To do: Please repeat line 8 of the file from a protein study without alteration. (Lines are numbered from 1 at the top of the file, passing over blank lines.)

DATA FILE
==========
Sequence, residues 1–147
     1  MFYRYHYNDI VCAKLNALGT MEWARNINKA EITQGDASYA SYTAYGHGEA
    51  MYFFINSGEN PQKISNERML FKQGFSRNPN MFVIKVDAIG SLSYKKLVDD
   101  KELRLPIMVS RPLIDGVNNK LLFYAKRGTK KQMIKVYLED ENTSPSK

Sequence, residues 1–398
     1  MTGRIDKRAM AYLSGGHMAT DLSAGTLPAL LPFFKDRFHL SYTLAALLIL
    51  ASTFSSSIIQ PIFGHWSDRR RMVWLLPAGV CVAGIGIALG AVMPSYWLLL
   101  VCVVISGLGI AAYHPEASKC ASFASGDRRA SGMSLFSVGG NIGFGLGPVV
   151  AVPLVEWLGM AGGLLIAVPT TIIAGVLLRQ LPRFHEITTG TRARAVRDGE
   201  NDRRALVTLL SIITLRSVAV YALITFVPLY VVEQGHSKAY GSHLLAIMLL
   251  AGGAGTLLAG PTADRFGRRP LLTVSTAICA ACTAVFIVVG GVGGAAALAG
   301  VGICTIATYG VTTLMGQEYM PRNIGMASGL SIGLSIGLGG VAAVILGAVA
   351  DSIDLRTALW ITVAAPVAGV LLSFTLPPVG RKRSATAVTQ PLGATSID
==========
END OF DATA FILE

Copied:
   101  VCVVISGLGI AAYHPEASKC ASFASGDRRA SGMSLFSVGG NIGFGLGPVV